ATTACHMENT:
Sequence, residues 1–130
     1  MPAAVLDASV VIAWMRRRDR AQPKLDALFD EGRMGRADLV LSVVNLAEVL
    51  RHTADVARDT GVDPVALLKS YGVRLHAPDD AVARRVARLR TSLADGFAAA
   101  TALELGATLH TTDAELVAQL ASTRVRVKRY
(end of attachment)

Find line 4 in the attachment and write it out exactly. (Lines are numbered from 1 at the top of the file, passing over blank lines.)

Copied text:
   101  TALELGATLH TTDAELVAQL ASTRVRVKRY